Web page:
Anonymous
Anonymous asked in Science & MathematicsMathematics · 5 months ago

# Suppose you flip 100 coins and all land on heads. What is the probability that the next 5 flips will ALSO land on heads?

Relevance

Assuming this is a fair coin, then each flip is independent of the others.

So the probability of landing heads 5 times would be:

1/2 * 1/2 * 1/2 * 1/2 * 1/2

= 1/32

You might argue that because you have had 100 heads, the next flip(s) should also be heads so that the streak continues. Or you might argue you are due for a change in luck so they should be tails. But since you can just as equally argue for heads or tails means there can't be any effect from the prior flips. It's still 1/2 for each flip, just like it has been.from the beginning.

However, getting 100 heads is astronomically unlikely so I would begin to doubt the fairness of this coin.

1/32

• if it is not baised, 50/50

• Exactly the same as if the previous 100 had never happened. Despite what many people think, each flip is 100% independent of every other flip.

• For one coin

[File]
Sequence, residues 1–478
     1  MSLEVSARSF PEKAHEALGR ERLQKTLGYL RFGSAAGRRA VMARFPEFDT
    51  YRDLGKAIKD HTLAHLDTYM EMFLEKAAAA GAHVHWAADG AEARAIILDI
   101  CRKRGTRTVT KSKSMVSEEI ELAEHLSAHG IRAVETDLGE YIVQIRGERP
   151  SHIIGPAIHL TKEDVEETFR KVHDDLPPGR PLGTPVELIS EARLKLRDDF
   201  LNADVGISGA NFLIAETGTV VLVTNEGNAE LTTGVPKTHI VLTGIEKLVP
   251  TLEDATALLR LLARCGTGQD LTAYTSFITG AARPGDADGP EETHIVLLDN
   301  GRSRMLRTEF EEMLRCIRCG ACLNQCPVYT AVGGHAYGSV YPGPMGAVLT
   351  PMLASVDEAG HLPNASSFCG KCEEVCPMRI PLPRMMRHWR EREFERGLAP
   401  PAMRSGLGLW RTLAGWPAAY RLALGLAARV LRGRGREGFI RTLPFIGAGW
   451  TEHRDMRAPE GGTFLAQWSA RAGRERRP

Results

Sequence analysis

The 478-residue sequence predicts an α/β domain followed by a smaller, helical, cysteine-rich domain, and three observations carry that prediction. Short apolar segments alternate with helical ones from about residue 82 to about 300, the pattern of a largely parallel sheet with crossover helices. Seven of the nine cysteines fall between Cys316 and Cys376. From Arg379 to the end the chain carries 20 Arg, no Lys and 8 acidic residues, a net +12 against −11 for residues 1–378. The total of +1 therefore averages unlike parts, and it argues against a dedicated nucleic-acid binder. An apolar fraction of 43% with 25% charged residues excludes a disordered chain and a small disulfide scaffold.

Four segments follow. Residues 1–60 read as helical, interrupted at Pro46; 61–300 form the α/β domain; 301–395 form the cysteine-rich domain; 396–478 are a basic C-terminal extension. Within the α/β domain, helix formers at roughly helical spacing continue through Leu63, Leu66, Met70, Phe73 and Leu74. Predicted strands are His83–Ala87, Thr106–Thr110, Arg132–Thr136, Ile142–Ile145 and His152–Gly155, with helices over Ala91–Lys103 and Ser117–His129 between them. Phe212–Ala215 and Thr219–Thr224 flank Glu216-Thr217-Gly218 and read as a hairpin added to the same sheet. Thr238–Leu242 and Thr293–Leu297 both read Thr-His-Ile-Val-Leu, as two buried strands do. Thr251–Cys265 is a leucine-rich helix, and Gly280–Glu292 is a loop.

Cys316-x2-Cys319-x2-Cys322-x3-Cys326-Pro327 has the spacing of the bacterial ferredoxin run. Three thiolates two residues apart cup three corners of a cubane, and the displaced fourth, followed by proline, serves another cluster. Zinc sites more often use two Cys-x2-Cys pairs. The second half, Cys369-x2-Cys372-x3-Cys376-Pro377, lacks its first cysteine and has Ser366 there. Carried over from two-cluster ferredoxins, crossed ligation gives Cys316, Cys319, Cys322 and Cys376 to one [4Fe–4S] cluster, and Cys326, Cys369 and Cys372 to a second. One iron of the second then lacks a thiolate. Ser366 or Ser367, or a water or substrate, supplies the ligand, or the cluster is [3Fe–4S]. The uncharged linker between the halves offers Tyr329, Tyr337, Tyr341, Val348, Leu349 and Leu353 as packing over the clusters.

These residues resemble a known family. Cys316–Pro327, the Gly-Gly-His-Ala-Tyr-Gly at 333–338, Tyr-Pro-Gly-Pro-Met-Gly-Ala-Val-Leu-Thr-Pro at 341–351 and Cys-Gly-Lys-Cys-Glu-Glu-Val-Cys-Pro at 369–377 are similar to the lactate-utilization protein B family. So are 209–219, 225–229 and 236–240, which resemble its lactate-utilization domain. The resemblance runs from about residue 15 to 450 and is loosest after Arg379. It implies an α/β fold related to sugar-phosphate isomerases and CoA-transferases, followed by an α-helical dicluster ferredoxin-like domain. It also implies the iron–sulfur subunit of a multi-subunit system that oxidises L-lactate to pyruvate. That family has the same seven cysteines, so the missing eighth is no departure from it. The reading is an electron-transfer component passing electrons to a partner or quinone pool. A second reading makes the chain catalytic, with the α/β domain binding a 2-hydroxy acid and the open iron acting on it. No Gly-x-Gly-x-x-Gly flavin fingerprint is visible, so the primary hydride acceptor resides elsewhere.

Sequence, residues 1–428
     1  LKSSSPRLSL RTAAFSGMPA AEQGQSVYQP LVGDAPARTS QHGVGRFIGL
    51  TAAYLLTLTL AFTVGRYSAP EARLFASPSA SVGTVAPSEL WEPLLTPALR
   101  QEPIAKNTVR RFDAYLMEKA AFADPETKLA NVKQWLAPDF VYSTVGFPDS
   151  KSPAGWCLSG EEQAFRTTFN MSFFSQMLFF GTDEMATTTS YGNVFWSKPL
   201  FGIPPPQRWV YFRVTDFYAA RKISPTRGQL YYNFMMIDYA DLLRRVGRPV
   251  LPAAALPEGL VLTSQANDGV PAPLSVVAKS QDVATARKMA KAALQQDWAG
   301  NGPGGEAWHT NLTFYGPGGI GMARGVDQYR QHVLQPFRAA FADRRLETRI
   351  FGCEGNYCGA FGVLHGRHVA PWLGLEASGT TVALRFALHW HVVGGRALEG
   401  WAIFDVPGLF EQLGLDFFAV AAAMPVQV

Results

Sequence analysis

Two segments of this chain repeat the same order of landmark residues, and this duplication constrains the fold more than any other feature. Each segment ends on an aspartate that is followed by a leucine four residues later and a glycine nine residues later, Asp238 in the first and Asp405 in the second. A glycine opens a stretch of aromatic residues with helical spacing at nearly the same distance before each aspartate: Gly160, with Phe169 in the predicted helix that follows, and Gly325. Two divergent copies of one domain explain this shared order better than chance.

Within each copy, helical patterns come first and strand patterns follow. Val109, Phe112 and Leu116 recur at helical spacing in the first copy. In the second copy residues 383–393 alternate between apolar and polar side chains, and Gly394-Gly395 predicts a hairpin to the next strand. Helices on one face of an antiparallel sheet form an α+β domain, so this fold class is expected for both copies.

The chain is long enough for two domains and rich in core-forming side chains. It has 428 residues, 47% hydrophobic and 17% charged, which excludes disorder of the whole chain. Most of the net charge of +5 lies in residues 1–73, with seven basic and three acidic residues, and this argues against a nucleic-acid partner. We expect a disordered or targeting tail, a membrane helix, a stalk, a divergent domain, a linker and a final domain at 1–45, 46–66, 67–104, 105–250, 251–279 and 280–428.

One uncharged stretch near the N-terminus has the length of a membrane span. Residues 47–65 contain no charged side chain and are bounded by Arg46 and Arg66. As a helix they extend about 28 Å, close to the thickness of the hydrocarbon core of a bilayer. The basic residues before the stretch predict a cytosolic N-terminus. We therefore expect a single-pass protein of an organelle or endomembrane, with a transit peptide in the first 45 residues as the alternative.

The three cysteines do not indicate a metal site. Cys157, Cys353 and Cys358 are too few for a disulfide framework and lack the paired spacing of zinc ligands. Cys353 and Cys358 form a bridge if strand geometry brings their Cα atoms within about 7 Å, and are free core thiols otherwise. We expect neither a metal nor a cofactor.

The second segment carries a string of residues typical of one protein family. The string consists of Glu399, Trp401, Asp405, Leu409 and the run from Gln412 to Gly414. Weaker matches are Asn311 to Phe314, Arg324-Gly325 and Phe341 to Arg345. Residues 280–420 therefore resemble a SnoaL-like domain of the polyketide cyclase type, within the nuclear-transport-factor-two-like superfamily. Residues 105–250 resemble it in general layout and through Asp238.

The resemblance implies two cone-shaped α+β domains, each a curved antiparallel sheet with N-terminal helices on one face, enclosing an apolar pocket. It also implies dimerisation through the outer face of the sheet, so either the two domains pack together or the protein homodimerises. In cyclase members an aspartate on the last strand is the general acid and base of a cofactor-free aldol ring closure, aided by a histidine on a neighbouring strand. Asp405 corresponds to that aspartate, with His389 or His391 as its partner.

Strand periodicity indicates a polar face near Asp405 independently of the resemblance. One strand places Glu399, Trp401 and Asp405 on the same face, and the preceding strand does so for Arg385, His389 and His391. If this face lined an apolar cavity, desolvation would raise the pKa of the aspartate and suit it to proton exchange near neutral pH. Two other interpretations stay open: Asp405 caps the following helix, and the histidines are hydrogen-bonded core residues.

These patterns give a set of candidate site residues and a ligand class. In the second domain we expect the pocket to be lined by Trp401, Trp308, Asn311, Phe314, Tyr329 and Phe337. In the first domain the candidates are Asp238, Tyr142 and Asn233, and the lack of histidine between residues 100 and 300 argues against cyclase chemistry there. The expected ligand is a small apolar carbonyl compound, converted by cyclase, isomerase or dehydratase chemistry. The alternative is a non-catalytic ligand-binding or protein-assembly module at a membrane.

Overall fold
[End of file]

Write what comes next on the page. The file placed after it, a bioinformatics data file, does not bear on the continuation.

P(HHHHH) = (1/2)^5

= 1/32

• There is something amass so normal probability rules do not apply.

• If it is a fair coin, then that probability is 1/2⁵ = 1/32, regardless of preceding 100 heads.

If we are expected to derive the experimental probability, then past results suggest that the coin can only fall heads. In that case, the probability is 1.

We could make this a lot more complicated with statistical analysis. In the second case above, I inferred that the coin could land only heads. You might compute the certainty of that conclusion, but I would stay out of that until the question is clarified.

• The odds are the same for each flip, what happened in the past does not change them.

• 1 in 32. casdfasdfasdf

• Anonymous
5 months ago

The first 100 flips all being heads has no effect on the next flip or flips.

The 101st flip has a 50/50 chance of being a head. 5 flips, 0.5^5 = 1/32 chance.